When 50% of the vehicle fleet is electrified, vehicle charging load represents approximately 8% of total electricity consumption in a January week and 4% in a July week. While the net load may be relatively small, EV charging has notable effects on the shape of the load curve. Figures 5a and b, respectively, show the load and generation profiles for a January week for the wind configuration when charging is controlled. UNC results in two demand peaks, one in the morning as people arrive at work and one in the late afternoon as they arrive home. As seen in Fig. 5a, the afternoon peak occurs at the same time as the daily non-EV load peak, thus exacerbating the existing system peak.

Fig. 5
figure 5

Regina's electricity demand for wind-only configuration with UNC in January, shown by a demand type (top) and b generation type (bottom). Note that “imports" refer to electricity supply from the provincial grid, which have been aggregated by generation type but include coal and natural gas

When EV load can be shifted through UCC, the EV demand peaks when wind generation is high, which in turn increases the utilization of VRE (reduces VRE curtailment, as shown in Fig. 6a and b. Although the system load peak is 25% higher when charging is controlled as opposed to uncontrolled, the generation during that peak is met entirely through wind generation. Despite the positive effects of UCC, VRE generation far exceeds the EV demand, indicating a large amount of energy that would need to be exported, converted to storage, or curtailed.

Fig. 6
figure 6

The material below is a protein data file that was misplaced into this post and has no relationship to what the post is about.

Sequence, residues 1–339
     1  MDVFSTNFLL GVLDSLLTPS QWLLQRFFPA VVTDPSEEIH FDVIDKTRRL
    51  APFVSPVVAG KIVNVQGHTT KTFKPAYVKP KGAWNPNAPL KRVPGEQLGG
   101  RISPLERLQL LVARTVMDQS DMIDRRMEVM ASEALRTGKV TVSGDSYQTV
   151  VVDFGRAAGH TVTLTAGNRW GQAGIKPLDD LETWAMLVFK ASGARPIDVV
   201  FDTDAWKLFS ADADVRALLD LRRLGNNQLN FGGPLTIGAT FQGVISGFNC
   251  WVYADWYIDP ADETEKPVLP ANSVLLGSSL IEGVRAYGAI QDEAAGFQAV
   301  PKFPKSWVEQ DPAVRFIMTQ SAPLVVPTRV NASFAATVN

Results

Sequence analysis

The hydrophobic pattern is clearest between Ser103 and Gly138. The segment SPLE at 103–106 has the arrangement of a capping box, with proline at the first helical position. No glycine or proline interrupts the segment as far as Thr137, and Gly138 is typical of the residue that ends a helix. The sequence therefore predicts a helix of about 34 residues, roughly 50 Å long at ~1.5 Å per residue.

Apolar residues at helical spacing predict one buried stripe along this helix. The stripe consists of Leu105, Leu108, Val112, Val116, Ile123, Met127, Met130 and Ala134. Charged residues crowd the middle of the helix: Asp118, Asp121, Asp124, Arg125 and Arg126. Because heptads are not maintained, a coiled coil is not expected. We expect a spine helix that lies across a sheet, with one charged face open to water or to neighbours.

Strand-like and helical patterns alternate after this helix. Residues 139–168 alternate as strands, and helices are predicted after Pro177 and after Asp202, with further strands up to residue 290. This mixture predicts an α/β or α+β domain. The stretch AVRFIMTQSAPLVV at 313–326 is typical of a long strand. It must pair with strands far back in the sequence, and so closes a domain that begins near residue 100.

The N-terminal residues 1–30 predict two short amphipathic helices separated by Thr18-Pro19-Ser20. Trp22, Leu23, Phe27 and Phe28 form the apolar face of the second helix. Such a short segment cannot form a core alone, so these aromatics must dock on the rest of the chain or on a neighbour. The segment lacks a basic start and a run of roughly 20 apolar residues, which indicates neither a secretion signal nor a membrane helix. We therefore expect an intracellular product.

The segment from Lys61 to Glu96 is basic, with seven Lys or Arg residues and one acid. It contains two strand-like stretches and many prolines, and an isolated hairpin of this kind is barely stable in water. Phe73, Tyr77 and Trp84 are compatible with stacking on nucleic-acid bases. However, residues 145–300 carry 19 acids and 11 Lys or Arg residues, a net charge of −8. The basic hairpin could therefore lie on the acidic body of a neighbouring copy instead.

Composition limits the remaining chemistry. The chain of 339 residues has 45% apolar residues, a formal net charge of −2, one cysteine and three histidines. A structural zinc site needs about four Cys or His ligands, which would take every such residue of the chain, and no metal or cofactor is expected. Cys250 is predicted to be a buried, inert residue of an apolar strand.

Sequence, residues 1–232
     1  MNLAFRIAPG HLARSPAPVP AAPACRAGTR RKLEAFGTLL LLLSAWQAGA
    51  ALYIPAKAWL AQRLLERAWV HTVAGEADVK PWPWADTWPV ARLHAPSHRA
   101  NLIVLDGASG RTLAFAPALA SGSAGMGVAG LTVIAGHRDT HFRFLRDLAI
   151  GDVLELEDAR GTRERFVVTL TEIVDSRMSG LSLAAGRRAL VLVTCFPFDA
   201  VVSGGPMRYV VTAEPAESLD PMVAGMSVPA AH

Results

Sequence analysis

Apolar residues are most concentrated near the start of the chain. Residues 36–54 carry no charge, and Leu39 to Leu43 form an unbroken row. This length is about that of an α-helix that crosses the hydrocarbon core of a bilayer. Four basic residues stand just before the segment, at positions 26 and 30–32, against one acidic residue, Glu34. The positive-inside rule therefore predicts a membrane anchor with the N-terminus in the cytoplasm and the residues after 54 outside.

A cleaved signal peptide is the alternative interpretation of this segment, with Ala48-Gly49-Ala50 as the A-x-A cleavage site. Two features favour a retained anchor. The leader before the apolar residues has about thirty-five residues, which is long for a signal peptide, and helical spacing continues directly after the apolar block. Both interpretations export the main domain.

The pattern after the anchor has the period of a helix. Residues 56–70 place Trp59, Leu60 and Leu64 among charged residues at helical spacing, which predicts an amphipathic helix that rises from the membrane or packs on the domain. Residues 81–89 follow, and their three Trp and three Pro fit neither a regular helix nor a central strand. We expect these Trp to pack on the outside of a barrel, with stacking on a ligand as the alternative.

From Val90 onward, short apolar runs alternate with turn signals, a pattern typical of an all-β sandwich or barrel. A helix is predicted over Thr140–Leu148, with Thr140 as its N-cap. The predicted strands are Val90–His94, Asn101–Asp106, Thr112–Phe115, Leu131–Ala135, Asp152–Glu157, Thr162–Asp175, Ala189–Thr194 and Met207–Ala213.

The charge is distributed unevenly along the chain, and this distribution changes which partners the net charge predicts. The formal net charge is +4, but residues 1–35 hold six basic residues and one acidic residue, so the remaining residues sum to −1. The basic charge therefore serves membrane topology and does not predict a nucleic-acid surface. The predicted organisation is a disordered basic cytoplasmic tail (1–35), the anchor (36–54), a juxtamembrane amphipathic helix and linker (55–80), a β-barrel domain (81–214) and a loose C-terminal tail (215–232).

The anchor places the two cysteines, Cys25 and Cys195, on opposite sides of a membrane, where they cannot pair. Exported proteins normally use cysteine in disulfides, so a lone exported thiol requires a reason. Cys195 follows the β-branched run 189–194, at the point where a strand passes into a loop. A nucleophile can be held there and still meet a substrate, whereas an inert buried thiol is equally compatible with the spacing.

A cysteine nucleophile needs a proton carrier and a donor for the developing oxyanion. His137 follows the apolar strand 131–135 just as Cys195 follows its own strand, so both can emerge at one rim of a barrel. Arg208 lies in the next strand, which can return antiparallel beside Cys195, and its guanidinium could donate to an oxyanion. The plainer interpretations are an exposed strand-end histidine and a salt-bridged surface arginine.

Regina's electricity demand for wind-only configuration with UCC in January, shown by a demand type (top) and b generation type (bottom)

Figure 7 presents a closer look at the relationship between controlled EV demand and the \(ERG\) estimate during a January week (again, in the wind scenario). The UNC curve shows when UNC occurs relative to VRE production. When charging is controlled, the EV demand peak shifts to the beginning of an \(ERG\) period, as UCC occurs whenever excess VRE generation is predicted. Following this peak, EV demand drops as parked vehicles are fully charged. During the January week, periods of excess VRE generation last around 24 h, due to the nature of the underlying wind regime. During these periods, the controlled EV load partially matches the uncontrolled EV load: vehicles charge as soon as they arrive at their destination. However, four distinctions are observed when comparing the controlled and uncontrolled EV load profiles. In the 2-day period following January 2, the EV demand with controlled charging is much less than in the uncontrolled scenario: with batteries fully charged, EVs can travel multiple days without requiring charging, allowing them to delay charging until another excess VRE generation period on January 5. The same effect occurs between January 5th and 7th. The net result is that under UCC, most EV charging occurs during excess VRE generation periods. In the UNC scenario, some EV charging happens to line up with periods of excess VRE generation, but a significant portion of EV charging occurs outside of these periods.